One thing to perhaps consider– use the Falklands as a training ground and rotate forces through there. Doesn’t have to be anything too significant– even a company or a squadron, but it their presence would force any potential Argentine attack to address potential war with the US.

  • Matt Yankee

    It seems backwards that we would protect the Senkaku Islands for Japan but not the Falklands for an ally that has devoted such resources over the years.

  • Byron

    Maybe because one has traditionally been part of the Japanese government/empire (before the war and stretching back into the centuries) and the other is is a colonial possession?

    Trust me, if it weren’t for the oil, the Argentines wouldn’t care who had that bunch of rocks out in the middle of the South Atlantic…

  • Chuck Hill

    The British claim to the Falklands goes back to a time before Argentina existed as a nation. Yes the Brits forced the Spanish settlers out, but how far back do you go to redress historic wrongs? Argentina’s claims are not much different than Mexico claiming they want the American South West back because the US unfairly stole them.

    The worst thing we could do is not be perfectly clear that we support the UK’s contention that there is nothing to discuss. The islands have been British for almost 200 years and based on the principle of self determination, the people of the Falklands want to stay British, end of story.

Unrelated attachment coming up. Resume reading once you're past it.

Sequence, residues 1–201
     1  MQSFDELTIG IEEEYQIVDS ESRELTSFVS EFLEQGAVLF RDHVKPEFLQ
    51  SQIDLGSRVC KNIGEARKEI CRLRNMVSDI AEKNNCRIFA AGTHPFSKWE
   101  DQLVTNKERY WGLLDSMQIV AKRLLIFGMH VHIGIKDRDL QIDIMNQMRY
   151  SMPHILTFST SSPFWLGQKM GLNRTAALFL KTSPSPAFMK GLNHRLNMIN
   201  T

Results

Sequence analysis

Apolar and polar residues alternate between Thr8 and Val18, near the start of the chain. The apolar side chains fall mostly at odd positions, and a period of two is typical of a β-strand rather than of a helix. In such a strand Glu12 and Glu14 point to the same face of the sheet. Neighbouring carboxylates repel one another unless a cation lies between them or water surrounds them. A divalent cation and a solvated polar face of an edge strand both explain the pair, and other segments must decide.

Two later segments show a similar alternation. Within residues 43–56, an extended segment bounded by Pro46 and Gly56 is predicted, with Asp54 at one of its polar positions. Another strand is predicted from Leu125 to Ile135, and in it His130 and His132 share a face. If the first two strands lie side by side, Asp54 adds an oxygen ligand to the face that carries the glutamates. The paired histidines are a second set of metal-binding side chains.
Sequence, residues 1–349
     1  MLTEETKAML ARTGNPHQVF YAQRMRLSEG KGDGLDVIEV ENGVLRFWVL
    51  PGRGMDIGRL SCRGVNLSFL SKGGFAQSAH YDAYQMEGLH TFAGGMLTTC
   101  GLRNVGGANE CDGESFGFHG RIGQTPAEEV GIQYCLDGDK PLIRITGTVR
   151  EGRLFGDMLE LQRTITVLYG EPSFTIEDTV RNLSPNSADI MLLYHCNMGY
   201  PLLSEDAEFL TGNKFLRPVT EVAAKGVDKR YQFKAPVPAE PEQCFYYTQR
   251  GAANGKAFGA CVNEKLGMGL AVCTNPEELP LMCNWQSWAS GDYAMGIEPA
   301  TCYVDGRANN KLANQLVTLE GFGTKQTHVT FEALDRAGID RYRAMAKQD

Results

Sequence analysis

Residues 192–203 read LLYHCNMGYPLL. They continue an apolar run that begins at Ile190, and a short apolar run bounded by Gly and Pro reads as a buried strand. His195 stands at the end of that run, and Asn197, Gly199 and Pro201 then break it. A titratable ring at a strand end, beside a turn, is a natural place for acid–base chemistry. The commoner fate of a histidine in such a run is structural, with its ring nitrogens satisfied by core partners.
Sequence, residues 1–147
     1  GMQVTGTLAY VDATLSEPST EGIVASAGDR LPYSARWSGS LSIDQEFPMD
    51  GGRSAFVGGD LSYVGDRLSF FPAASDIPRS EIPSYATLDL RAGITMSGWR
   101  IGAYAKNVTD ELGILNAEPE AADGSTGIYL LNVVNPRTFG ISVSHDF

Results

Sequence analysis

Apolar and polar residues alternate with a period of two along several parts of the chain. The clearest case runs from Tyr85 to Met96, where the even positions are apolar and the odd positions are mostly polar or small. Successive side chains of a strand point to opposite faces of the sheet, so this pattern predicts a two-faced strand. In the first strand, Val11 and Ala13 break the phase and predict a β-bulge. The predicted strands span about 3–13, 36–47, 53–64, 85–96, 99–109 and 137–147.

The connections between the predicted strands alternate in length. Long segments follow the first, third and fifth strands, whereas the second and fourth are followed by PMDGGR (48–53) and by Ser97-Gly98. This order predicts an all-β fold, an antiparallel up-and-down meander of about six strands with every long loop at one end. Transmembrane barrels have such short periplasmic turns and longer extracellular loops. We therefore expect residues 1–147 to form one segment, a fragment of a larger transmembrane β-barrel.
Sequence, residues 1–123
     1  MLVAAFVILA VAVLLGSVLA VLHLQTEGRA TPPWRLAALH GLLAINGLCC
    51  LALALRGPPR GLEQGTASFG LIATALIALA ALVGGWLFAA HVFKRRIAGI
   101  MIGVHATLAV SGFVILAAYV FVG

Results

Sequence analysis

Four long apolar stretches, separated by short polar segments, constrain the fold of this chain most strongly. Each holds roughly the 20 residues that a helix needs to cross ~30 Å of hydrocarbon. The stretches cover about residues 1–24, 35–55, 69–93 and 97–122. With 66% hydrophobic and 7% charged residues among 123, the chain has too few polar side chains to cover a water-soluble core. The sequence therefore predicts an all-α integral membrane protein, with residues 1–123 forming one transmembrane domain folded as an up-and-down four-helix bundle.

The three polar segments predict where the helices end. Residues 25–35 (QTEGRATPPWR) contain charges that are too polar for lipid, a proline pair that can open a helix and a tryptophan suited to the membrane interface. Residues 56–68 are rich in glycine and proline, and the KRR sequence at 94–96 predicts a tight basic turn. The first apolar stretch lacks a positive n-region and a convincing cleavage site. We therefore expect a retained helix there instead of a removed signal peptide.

Unfortunately Secretary Clinton recently seemed to indicate that was not the case. http://news.bbc.co.uk/2/hi/uk_news/8544634.stm

    Wars start when intentions are not clear. There have been stories that the Korean War started because the US published a map of their vital interest that excluded Korea. That Iraq invaded Kuwait after a conversation with an America Diplomat that seemed to indicate we would not object, and the first Falklands War was has been traced to a British diplomat who seemed to indicate that simple handing the Falklands over was not politically possible but if the Argentines held the Islands the reaction would not be strong.

    Most of Latin America sides with the Argentines. Let the Argentines take it to World Court, but we need to make it perfectly clear, that until there is a decision against the British, we will support them 100%.

  • Chuck Hill

    We should take the same stand with regard to the Japanese/Chinese dispute. The Chinese should take it to court, until then we support the status quo.

  • Matt Yankee

    Diego Garcia would be another one of those colonial possesions but we sure as heck would defend that. I don’t defend the colonial way it was taken but we shouldn’t give the South Americans any rationale for taking the place back…kind of like slave reparations…the past is the past. Old wounds should not be reopened is some ridiculous attempt to correct history by repeating it.

    I do not disagree with defending Japanese territory (it is law) especially against the Communist Chinese but I would like to see a stong US backing of the British to deter aggession in our own hemisphere. I think we could put the issue to rest and ensure stability…If something were to go down we would have to choose sides anyways and somebody isn’t going to be happy. Might as well back the strongest ally we have had in recent history.